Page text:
She is also the lead sponsor of a bill to allow states to broaden the State Children's Health Insurance Program (SCHIP) to cover legal immigrants that has 12 cosponsors including Republican Sen. Olympia Snowe (ME). Most of the language in the bill was included in the House-passed version of the SCHIP reauthorization bill but not the Senate-passed version. These bills await action by a House-Senate conference to resolve the differences between the bills. She has also sponsored and a bill to "grant states the option to expand coverage of children whose family income is any percentage up to 400% of the poverty-line." Regarding medical records, then-Senate Majority Leader Bill Frist (R-TN) wrote an op-ed in the San Francisco Chronicle stating that he was working with Hillary Clinton and other senators to ensure that "the entire country should have the highest quality care we can afford, along with electronic medical records such as those used by the VA [Veterans Administration]." The bipartisan legislation passed in the Senate, but died in the House Energy and Commerce Committee's Subcommittee on Health.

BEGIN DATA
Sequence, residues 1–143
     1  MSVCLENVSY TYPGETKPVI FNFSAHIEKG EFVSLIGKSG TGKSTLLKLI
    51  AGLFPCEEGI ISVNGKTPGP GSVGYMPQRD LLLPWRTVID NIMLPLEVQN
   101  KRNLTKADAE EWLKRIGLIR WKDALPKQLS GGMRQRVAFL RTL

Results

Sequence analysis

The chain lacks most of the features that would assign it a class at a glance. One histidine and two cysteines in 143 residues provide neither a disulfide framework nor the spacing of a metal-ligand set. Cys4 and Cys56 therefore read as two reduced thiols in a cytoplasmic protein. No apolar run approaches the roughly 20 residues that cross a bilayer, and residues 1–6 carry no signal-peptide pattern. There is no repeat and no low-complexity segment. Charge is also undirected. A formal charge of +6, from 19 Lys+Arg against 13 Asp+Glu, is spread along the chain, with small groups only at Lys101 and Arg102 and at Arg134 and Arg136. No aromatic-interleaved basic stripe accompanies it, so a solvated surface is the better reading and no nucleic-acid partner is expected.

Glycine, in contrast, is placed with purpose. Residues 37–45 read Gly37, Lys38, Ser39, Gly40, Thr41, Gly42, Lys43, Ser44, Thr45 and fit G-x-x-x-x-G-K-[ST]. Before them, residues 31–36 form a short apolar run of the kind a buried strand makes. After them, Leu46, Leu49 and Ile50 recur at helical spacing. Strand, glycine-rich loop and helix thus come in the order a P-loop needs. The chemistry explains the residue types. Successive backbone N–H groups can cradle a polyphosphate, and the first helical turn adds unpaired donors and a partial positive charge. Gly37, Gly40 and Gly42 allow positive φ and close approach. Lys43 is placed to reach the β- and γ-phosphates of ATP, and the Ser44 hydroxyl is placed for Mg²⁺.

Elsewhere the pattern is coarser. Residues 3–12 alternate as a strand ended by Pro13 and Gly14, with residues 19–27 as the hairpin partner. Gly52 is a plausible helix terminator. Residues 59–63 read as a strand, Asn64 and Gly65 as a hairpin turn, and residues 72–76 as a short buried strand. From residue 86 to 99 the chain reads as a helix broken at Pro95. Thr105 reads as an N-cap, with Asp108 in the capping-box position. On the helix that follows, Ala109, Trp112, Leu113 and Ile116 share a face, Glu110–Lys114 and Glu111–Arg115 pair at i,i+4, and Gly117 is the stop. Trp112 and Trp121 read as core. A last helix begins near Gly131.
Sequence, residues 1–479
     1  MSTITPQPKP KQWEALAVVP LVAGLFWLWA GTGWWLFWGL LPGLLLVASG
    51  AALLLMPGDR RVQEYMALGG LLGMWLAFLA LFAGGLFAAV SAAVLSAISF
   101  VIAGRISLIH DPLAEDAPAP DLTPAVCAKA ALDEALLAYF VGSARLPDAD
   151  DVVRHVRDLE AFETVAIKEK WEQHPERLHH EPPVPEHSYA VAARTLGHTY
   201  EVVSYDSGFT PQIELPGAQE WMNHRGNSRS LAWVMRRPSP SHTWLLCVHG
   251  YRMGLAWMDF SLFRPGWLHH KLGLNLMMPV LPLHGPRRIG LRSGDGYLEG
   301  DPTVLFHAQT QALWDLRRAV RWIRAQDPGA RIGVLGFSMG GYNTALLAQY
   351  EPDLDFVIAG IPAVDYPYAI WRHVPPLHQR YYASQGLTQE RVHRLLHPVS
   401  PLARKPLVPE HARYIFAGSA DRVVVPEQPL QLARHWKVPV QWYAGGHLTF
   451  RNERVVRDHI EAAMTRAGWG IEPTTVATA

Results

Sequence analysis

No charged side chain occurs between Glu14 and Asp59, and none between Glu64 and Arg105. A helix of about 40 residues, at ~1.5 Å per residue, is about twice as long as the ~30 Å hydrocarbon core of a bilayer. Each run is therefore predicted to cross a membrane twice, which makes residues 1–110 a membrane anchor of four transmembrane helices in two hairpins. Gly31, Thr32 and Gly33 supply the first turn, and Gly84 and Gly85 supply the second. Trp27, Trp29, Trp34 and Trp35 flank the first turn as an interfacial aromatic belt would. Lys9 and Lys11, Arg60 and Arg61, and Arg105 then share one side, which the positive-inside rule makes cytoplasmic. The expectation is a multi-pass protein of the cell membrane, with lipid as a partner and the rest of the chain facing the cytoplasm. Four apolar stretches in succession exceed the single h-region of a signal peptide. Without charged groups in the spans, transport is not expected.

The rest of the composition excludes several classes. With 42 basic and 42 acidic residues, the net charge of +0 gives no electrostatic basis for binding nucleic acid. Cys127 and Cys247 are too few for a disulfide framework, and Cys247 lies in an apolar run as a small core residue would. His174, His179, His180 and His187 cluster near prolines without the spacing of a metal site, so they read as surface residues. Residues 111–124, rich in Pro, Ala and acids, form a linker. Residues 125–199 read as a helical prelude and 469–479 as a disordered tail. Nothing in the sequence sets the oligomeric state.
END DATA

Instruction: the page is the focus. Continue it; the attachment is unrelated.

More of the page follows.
After going through the hillaryclinton.com video, Morris went on to say: "Here's what bothers me more than anything else about Hillary Clinton. She has done everything possible to weaken the President and our country when it comes to the war on terror" and listed purported examples to prove this point. However, these examples included at least one more falsehood.
7. Hillary Clinton "wants to eliminate the monitoring of suspected al Qaeda phone calls"
Morris falsely claimed that Hillary Clinton "wants to eliminate the monitoring of suspected Al Qaeda phone calls to/from the USA." As Media Matters has previously noted, Clinton stated her opposition to the Bush administration's warrantless surveillance program when the program was first exposed, saying that the administration should follow the "existing law that allows" secret surveillance of terrorist suspects, the Foreign Intelligence Surveillance Act (FISA). A January 25 CBSNews.com article quoted Clinton in the issue: